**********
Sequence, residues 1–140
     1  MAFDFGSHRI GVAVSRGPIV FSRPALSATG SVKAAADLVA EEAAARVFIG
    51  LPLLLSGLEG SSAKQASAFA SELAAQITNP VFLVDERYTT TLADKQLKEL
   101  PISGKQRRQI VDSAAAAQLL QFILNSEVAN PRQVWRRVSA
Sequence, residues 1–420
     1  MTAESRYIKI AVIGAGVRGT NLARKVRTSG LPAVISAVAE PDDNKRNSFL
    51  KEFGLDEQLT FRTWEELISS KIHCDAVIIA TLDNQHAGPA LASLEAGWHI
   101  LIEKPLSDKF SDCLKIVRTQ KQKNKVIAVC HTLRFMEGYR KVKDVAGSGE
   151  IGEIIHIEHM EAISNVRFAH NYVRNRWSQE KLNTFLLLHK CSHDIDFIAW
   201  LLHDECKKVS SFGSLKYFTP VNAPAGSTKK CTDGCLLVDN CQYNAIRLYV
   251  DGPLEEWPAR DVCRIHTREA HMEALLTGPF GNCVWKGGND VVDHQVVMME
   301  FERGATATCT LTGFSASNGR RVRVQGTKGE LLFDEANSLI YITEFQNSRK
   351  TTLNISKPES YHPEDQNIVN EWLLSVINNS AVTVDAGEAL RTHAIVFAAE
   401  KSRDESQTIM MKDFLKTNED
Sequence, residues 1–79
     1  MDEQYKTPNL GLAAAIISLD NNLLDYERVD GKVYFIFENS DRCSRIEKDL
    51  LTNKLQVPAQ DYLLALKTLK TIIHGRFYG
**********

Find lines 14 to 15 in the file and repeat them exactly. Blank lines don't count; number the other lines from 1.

   401  KSRDESQTIM MKDFLKTNED
Sequence, residues 1–79